- It’s a good idea to have an arboriculturist check the condition of trees on your land to carry out a risk assessment in case there is rot or damage that may lead to boughs or the whole tree falling. Necessary work can then be undertaken in good time.
- When planting new trees in numbers, avoid planting too many of the same species or family as an occurrence of a pest or disease may wipe out the lot
- There are benefits to planting native trees to reduce the risk of importing pests and diseases. Always check that trees you are planning to buy were grown in UK. Sometimes UK derived seed is passed off as being from UK but has been exported and grown abroad and then re-imported with the risk of introducing pests and diseases - beware
The most underestimated – undervalued group of organisms; vital to the recycling of natures waste, fallen leaves, decaying wood.
- Let them make their fruiting bodies and spread their spores, don’t feel you have to clean up every dead leaf or piece of rotting wood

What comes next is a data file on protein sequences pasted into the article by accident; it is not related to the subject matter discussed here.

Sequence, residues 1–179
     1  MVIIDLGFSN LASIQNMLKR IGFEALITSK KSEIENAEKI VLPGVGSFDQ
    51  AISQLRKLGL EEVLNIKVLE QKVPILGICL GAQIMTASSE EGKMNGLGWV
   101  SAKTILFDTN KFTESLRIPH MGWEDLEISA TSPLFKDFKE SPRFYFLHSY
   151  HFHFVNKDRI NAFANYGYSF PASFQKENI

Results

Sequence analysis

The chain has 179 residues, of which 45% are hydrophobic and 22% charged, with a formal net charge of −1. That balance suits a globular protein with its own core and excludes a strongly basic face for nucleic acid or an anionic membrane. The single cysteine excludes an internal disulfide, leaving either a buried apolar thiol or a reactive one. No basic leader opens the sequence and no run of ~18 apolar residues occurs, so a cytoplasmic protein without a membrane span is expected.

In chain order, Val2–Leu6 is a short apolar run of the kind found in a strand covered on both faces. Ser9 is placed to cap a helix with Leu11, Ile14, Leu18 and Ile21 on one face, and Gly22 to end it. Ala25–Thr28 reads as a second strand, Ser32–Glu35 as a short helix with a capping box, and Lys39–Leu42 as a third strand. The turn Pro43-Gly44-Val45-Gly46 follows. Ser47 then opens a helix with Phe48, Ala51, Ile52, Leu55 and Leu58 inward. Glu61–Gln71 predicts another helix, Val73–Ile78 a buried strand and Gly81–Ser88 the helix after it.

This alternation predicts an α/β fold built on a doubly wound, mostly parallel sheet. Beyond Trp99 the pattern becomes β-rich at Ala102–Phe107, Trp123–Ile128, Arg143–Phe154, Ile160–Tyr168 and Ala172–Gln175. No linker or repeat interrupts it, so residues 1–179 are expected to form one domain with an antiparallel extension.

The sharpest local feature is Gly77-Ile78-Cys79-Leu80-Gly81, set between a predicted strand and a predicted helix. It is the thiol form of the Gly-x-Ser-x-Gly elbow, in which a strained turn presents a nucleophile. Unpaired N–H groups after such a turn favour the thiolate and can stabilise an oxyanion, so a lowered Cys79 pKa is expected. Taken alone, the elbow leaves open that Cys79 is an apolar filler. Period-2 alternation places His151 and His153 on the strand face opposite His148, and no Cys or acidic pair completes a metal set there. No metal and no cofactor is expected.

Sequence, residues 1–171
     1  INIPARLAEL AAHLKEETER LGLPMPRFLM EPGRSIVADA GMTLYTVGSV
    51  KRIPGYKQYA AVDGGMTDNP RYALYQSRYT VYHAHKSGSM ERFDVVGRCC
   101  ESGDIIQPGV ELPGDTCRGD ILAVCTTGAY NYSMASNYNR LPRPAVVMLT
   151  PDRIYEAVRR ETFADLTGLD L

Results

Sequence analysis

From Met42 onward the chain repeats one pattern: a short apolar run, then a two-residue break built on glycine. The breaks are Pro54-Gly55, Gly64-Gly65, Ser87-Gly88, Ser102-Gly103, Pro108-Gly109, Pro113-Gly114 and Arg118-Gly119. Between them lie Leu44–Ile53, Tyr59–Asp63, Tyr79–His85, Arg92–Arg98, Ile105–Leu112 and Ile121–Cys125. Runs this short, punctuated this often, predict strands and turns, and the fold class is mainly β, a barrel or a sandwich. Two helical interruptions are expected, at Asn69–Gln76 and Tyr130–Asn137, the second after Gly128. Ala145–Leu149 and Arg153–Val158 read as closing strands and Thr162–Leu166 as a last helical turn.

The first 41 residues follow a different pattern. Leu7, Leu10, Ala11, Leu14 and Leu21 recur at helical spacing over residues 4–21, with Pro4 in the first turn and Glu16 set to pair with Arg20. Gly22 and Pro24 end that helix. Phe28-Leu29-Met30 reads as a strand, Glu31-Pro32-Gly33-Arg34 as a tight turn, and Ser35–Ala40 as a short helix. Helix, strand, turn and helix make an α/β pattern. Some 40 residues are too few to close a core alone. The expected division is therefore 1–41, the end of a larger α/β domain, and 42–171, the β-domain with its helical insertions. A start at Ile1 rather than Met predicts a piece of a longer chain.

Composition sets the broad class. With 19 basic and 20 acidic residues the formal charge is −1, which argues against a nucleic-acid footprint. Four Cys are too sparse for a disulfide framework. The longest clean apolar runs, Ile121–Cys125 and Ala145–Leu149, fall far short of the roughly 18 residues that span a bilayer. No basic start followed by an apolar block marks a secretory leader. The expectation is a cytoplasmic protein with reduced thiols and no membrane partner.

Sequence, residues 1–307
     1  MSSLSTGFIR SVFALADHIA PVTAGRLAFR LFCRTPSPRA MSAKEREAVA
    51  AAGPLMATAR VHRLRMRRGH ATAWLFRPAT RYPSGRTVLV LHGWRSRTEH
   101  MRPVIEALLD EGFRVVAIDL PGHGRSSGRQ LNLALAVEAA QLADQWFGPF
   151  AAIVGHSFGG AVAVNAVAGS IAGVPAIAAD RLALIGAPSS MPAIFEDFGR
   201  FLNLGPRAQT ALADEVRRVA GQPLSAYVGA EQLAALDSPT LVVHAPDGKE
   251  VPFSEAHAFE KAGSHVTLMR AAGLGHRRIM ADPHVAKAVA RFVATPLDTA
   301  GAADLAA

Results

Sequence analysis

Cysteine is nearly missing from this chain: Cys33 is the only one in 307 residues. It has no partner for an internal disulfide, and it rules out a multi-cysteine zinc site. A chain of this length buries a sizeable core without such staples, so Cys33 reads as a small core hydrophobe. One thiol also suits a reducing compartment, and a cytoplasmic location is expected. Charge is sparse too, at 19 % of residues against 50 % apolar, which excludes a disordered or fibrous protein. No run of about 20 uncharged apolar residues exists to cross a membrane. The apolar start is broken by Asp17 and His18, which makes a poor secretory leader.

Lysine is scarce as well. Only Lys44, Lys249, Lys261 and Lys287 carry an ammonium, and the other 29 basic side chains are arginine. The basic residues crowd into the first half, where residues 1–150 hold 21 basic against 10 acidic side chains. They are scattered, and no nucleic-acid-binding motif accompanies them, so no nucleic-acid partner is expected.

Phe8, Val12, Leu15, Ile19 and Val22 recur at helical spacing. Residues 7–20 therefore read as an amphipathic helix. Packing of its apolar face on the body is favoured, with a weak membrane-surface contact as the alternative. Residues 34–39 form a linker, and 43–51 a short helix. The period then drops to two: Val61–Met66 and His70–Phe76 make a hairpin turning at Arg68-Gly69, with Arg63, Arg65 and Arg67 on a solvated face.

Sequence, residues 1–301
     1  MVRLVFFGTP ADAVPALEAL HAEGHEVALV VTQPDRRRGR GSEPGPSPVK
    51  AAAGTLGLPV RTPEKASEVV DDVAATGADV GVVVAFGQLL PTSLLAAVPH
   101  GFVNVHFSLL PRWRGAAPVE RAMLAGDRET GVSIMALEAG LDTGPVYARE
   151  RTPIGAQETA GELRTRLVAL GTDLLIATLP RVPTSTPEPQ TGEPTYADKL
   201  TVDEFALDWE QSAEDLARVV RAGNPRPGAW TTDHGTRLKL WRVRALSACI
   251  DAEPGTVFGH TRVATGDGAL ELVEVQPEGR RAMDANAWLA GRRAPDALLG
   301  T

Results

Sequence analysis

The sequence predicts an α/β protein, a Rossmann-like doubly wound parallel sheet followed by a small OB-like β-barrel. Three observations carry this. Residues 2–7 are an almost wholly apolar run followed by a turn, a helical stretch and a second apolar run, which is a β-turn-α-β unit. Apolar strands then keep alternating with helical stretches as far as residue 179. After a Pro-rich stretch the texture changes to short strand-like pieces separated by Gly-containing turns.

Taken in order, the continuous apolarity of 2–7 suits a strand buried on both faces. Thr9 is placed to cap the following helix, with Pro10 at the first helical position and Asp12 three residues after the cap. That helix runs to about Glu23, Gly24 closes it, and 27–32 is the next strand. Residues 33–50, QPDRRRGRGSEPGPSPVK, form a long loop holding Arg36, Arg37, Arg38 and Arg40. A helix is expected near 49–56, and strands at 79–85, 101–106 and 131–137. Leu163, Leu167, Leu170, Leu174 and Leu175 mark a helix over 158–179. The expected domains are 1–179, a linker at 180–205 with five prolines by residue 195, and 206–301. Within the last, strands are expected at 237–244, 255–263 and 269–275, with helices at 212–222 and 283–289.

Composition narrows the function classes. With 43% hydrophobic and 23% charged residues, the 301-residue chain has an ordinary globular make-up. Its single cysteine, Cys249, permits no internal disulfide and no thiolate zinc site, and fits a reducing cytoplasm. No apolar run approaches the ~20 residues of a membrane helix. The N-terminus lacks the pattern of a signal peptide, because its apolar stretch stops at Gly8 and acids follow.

- You don’t need to risk collecting them to eat – that takes expertise – but learning to identify them can be fun and showing the kids how to make gill prints will fascinate them and give them a greater understanding of toadstools.
Here are some thoughts for larger projects that may suit some locations.
- Location permitting create a pond. This will benefit birds, mammals, reptiles and amphibians and insects.
- Install a small photovoltaic power generation scheme to benefit the community and make green energy
- Commission wildlife interpretation boards for your small space
- Produce a website, a blog or a newsletter
- Start a volunteer group
There are things that we can choose to do on a personal basis that will benefit our local environment and have wider national and international climate benefits.
- Grow some of our own food, without chemicals. Eat healthier and reduce food miles
- Buy locally produced food (perhaps organic) and greatly reduce food miles
So those are my fifty suggestions, thanks for reading.